General election 2019: Tory and Labour spending plans ‘not credible’ – IFS
Neither the Conservatives nor Labour are offering “credible” spending plans ahead of the election, an influential research group has said.
The Institute for Fiscal Studies (IFS) said it was “highly likely” the Tories would end up spending more than their manifesto pledges.
Labour, it warned, would be unable to deliver its spending increases as it has promised.
Neither was being “honest” with voters, director Paul Johnson said.
He said that the Conservatives were continuing to “pretend that tax rises will never be needed to secure decent public services”.
Labour, he added, “pretends that huge increases in spending can be financed by just big companies and the rich”.
The IFS has been analysing the tax and spending plans of all the main parties ahead of the 12 December poll.
Mr Johnson also said it was “highly likely” Labour would need to raise taxes beyond what it is promising to pay for its proposed £80bn a year in extra spending, he said.
“In reality, a change in the scale and the scope of the state that they propose would require more broad-based tax increases at some point.”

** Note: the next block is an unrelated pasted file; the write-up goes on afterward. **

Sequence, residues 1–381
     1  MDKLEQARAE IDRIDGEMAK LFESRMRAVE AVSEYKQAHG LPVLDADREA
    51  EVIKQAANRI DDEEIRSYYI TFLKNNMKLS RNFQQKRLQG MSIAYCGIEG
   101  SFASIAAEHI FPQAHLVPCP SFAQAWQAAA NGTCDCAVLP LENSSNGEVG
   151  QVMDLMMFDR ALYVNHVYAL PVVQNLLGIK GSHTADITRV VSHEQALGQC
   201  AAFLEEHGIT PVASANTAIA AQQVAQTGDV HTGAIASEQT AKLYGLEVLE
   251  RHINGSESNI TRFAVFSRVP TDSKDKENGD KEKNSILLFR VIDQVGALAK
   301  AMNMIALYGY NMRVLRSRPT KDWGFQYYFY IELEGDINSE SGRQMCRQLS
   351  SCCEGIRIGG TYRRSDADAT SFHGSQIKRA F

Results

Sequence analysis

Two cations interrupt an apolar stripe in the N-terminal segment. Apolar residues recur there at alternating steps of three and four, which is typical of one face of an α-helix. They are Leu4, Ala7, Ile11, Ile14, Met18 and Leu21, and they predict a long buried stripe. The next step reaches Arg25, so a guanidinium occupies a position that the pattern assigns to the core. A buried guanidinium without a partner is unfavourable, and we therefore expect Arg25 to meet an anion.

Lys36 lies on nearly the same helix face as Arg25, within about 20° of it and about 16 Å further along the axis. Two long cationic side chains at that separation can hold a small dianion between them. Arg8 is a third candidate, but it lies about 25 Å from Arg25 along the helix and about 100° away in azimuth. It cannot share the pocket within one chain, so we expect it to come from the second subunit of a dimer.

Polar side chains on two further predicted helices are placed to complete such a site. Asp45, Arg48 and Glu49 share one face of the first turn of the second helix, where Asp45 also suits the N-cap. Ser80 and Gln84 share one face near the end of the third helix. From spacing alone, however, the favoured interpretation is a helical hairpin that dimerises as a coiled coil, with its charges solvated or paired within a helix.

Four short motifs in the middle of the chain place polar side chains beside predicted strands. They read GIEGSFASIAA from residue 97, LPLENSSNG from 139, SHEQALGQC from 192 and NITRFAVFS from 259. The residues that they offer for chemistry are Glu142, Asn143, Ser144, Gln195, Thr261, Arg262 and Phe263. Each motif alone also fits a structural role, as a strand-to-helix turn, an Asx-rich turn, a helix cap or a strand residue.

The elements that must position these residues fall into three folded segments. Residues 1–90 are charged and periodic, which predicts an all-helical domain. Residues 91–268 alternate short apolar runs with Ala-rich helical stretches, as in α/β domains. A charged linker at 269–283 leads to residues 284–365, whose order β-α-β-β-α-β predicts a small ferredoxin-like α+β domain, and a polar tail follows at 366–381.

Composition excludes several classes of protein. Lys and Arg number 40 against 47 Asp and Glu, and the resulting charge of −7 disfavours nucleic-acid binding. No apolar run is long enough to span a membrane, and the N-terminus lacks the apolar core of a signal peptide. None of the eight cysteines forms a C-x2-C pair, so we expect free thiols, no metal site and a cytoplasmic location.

He criticised a Tory pledge not to raise income tax, national insurance or VAT over the next five years as “ill advised”, adding the government would “regret” it.
Labour pledge criticised
He also added that the party had “failed to come up with any kind of plan or any kind of money” for social care services.
Stuart Adam, senior research economist at the IFS, warned that Labour’s promise that its plans would only raise taxes on the richest 5% of taxpayers was “clearly not true”.
He said the party’s proposals to scrap a tax break for married couples and change taxes on company dividends would also affect people outside this bracket.
He added that its planned rise in corporation tax would be “passed on” to workers in the form of lower wages, and to consumers in the form of higher prices.
The Liberal Democrats are “the most fiscally prudent” in terms of the public finances, Paul Johnson said, but given the uncertainty around Brexit, it was difficult to say whether they or any other party would be able to deliver their plans.
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